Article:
Tuesday, July 2, 2024

On the Train

Image:  Facebook

On Sunday, wearing a rainbow shirt, I boarded Seattle's light rail. The train was packed with other Pride-goers, along with assorted Seattle Mariners fans.

At a downtown stop, a 60-something straight Australian couple got on, each wheeling a suitcase suitable for a month's visit to North America. My fellow sardines and I began to chat, and it turned out they'd watched some of the Pride parade.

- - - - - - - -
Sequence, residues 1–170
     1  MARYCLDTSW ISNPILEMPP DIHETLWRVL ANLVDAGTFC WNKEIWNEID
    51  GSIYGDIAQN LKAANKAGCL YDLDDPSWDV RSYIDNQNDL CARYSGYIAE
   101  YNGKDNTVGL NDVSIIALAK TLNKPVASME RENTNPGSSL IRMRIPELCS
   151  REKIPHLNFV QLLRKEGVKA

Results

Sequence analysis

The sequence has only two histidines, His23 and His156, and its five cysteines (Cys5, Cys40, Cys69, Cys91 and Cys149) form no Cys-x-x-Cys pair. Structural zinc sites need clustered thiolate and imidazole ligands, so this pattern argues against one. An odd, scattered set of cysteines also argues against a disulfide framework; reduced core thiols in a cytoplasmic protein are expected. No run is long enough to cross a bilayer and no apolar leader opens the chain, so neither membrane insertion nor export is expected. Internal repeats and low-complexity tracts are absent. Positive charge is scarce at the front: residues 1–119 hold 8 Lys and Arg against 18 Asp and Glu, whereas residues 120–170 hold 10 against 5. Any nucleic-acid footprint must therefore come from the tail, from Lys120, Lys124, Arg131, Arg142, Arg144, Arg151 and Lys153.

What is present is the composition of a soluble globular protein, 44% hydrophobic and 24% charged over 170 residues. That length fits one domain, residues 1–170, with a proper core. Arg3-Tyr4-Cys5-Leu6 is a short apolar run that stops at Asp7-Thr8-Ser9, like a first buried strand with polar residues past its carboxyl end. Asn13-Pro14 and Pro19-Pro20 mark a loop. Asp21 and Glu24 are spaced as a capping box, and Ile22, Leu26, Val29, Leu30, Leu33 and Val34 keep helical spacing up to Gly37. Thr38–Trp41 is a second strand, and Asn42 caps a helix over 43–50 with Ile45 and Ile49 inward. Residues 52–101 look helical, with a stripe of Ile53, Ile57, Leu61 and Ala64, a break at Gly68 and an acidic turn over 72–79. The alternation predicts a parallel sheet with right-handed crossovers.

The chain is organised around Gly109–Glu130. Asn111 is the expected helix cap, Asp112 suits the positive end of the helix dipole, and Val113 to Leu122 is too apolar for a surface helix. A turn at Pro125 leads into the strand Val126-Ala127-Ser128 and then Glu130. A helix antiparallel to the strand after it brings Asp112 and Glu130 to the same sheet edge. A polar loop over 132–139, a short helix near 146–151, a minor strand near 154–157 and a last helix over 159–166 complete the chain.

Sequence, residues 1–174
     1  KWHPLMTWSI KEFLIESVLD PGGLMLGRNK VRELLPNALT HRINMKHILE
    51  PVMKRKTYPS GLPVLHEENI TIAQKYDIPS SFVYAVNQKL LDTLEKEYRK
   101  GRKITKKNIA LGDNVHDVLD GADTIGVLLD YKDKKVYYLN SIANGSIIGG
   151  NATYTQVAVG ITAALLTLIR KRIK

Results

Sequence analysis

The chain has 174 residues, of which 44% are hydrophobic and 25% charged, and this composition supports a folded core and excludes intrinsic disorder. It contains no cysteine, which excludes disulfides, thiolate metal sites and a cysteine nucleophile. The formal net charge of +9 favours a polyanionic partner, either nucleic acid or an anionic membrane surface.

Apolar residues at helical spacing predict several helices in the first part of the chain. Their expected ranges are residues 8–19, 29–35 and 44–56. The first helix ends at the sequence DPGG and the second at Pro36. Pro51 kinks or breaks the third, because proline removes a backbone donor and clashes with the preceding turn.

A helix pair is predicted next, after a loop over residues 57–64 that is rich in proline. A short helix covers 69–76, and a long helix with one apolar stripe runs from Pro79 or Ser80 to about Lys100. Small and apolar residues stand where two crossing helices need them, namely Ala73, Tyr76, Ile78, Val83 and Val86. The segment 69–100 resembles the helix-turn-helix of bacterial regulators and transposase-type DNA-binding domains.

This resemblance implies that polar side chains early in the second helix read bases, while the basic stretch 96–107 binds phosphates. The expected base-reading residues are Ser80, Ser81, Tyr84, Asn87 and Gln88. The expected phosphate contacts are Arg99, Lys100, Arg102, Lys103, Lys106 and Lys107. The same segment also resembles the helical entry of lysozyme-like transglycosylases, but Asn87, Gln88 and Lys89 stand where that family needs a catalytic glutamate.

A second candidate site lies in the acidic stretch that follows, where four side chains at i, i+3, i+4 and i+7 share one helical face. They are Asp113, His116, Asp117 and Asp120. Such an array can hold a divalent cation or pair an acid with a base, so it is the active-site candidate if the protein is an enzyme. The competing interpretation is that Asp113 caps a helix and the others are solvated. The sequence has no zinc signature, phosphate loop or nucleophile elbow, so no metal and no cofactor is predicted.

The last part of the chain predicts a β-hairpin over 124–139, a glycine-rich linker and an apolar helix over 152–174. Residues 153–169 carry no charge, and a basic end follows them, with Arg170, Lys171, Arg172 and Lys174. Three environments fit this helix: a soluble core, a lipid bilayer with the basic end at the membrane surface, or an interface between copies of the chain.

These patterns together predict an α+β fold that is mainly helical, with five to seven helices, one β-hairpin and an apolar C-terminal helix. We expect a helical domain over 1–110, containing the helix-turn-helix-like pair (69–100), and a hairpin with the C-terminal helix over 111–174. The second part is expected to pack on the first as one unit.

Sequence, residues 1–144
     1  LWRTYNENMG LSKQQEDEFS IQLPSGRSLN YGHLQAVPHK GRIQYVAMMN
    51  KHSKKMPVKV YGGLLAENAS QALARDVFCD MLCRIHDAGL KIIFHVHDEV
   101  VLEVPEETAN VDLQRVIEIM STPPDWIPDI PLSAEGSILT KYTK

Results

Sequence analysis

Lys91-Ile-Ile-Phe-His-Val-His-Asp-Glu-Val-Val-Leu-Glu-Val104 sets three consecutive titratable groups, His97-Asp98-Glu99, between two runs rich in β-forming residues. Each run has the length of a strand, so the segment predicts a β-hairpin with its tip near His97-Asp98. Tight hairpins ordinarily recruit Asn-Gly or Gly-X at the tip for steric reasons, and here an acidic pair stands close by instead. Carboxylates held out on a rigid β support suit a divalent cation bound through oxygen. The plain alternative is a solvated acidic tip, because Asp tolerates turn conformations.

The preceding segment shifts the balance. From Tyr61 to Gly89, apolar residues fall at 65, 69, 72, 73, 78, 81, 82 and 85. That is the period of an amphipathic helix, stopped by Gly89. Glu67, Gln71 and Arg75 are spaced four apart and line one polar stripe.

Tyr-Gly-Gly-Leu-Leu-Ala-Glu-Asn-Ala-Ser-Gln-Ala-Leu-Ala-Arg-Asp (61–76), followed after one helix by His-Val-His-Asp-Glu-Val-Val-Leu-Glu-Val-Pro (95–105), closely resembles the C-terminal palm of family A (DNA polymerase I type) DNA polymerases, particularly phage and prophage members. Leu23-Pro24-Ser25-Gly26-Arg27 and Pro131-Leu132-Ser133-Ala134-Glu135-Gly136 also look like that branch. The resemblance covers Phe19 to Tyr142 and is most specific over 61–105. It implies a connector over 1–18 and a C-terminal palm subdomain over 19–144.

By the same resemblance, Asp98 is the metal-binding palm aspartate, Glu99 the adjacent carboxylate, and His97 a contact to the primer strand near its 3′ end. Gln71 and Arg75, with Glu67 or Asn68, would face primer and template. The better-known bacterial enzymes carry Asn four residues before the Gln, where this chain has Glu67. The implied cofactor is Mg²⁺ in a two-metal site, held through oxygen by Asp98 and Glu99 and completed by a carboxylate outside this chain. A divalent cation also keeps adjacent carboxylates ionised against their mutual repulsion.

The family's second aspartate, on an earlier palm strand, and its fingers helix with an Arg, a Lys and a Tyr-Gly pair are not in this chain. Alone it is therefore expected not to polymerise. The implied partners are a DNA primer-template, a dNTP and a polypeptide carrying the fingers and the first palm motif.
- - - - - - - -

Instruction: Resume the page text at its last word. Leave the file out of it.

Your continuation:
"This is nothing compared to Sydney's Pride," he said, which he explained is full of floats. I told him I'd heard that was true, and I'd love to see it in person someday, but as Seattle was enthusiastically celebrating its 50th Pride, he might not want to say that too loudly.

I asked them about their travels, and he raved about Alaska's mountains. "Okay," I said. "You've got the Pride, we've got the mountains." They agreed.

Afterwards, as I walked toward the parade, I marveled that the concept of LGBTQ Pride has grown so big and so international that I would find myself good-naturedly comparing celebrations with heterosexual tourists from abroad.

Harvey, Bayard, Barbara—you wouldn't believe it.

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